Another one of the Richard and Judy Books of 2009 for which I am doing the challenge. This one is the one that in all honesty (and I will always be honest) has the least appeal to me initially as it seems to be about cricket which I am not a fan of. However its also a book about ‘belonging and not belonging’ which sounds unusual plus it was longlisted for the Man Booker and didnt win which is a good sign. I am more of a fan of the longlisted or shortlisted than the winner.

The Devils Paintbrush – Jake Arnott (Sceptre)
I meant to re-read his novel The Long Firm earlier but didnt manage to get round to it (don’t worry though I will) which is part of his trolgy about gangsters. This scandalous tale is set in Paris in 1903 and is Arnotts first foray into ‘historial fiction’.

The Dog – Kerstin Ekman (Sphere)
Dovegreyreader reviewed this recently and I would never have heard of it if not for her… and the people at NewBooks Magazine who have asked me to review it. It sounds a bit sad though, a puppy getting lost in the wild and having to fight for its survival. However this may actually make the dog loving Non Reader pick up a book after I have finished one for once.

The Prophet Murders – Mehmet Murat Somer (Serpents Tail)
A crime which has the wonderful subtitle of ‘a Hop Ciki Yaya Thriller’ – I am already sold.

The Amazing Adventures of Kavalier & Clay – Michael Chabon (Harper Perennial)
I cannot count the times that people have told me ‘you will love that book’ its huge so I will be saving it for some very long train journeys I have lined up in a few weeks. The fact its a “heart-wrenching story of escape, love and comic-book heroes set in Prague, New York and the Arctic” does sound like quirky brilliance so I may very well love it.

King Kong Theory – Virginie Despentes (Serpents Tail)
This book has caused quite a lot of controversy of late (well in the broadsheets at the weekend anyway) and has made me want to read it and from the chapter titles (oh its short autobiographical stories) which I shant print just yet I can see why. Its also very short and short reads are the way forward after Mr Toppit I think.

I also went second hand shopping yesterday and found…

The Danish Girl – David Ebershoff (Phoenix)
After the thought provoking The 19th Wife it seemed like fate when I saw this for 50p. The story is again based on real people this time the “story of Danish painter Einar Dresden, this is a strange and eerily haunting novel about a very unusual love affair between a man who realizes he is really a woman and his remarkable wife” sounds unusual and is currently being made into a film with Nicole Kidman and Charlie Theron in it!

The Leopard – Giuseppe di Lampedusa (Vintage)
I have seen this book listed in so many ‘books you must read’ lists and the like that again for 50p how could I say no? I had no idea what it was about but apparently its a materpiece “is set amongst an aristocratic family, facing social and political changes in the wake of Garibaldi’s invasion of Sicily in 1860” time will tell I sometimes have issues with masterpieces. Love the old Fontana edition I got will feel cultured andretro reading it on the tube.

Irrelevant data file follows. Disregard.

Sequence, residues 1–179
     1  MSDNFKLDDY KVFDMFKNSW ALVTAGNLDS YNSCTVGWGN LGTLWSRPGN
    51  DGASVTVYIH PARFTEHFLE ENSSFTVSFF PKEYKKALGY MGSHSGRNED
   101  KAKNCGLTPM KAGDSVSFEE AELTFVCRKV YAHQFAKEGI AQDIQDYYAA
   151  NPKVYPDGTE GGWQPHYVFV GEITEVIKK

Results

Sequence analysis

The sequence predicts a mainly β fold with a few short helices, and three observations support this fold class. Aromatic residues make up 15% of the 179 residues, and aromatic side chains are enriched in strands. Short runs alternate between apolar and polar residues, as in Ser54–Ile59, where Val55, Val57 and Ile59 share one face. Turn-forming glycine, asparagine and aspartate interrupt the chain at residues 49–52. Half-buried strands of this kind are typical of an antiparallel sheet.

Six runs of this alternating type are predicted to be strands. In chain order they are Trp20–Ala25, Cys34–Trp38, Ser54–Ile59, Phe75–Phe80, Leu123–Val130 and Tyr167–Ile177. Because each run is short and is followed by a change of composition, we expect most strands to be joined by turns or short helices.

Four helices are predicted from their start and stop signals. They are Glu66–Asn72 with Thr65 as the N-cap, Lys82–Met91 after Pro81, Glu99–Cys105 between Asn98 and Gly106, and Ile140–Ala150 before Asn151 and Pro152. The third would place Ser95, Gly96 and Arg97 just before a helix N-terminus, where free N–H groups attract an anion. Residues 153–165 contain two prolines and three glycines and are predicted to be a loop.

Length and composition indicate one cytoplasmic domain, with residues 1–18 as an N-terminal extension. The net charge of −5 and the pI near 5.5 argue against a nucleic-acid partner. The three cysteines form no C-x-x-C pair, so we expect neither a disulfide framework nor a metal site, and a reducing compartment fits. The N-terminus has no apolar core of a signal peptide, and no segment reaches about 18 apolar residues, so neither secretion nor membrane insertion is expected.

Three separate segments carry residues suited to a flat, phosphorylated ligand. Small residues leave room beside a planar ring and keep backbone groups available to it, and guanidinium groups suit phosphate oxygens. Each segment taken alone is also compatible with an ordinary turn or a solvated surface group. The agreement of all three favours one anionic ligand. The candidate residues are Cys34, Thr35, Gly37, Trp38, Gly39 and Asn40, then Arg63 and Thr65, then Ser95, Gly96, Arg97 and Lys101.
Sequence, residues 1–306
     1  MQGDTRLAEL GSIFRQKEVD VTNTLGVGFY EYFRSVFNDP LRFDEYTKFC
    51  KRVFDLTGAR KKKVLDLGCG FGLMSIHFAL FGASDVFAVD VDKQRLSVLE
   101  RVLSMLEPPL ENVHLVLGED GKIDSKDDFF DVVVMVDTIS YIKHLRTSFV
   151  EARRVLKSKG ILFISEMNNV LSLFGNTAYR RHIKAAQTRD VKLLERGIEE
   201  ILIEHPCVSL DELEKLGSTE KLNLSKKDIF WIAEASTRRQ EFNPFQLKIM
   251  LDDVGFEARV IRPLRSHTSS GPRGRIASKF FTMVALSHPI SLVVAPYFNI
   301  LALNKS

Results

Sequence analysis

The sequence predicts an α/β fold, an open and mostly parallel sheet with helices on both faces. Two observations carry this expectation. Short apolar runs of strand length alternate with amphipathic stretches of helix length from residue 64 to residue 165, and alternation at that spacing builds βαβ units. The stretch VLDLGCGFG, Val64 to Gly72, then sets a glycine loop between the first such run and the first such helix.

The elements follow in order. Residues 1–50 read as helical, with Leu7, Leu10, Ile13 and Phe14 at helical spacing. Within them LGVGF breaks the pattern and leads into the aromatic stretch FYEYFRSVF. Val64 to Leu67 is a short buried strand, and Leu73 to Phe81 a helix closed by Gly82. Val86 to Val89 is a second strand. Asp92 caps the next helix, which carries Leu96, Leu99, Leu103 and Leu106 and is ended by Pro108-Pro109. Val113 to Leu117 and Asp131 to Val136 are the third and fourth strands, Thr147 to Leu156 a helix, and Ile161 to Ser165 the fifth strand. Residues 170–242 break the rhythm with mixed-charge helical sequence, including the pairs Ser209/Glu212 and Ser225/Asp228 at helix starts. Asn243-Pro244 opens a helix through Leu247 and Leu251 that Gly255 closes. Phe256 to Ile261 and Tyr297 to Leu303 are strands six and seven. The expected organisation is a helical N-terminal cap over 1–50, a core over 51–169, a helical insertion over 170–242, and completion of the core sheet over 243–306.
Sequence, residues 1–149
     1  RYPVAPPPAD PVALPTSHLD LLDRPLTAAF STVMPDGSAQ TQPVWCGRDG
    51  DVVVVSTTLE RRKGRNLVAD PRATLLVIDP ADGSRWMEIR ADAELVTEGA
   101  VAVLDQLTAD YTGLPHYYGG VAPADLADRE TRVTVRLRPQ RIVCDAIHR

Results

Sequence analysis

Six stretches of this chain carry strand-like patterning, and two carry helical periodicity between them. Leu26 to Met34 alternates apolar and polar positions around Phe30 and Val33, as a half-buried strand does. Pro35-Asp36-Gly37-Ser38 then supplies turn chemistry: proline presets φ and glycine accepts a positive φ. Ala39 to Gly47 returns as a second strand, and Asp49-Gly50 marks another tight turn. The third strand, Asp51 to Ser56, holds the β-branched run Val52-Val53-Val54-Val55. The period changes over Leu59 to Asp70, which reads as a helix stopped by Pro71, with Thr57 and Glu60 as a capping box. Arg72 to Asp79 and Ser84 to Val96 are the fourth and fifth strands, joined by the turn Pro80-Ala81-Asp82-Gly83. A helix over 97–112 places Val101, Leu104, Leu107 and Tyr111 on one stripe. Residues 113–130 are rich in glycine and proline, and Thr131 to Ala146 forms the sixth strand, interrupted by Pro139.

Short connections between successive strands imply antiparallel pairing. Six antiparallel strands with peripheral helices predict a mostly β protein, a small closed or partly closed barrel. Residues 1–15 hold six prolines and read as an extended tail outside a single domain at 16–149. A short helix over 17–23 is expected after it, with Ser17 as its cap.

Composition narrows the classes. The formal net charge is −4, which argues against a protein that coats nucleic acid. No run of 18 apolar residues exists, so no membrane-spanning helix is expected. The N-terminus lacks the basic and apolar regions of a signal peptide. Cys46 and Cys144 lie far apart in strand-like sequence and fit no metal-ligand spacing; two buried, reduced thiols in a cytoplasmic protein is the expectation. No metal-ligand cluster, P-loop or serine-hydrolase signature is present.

The Secret River – Kate Grenville (Canongate)
I had been out shopping second hand especially for this. It’s for this reason that charity books are brilliant, money to a good cause and also when your unsure of an author its a good way of trying them before you become addicted and buy everything they do th moment it comes out… or never read them again. I heard Grenville on the Guardian Book Group podcast and despite the fact it pretty much gave everything away (I shant dear readers) I thought I should try it. It is another Man Booker nominee that didnt win so the signs are good I will like it.

As for what I am specifically reading this week after Mr Toppit… mainly short reads including The Dog as mentioned. After a few heavier novels I want some faster fiction plus I had a readers block for a while and short reads are the best medicine for that. I might recah for another Capote maybe. I have also promised Novel Insights (who is on a world tour so wont be blogging till the summer now – selfish) I will read The Blind Assassin by Margaret Atwood for our mammoth Rogue Book Group and shes stared already!

Any short read recommendations out there? What are you all reading?

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Filed under Ali Smith, Book Spree, Charles Elton, David Ebershoff, Jake Arnott, Joseph O'Neill, Kate Grenville, Kerstin Ekman, Virginie Despentes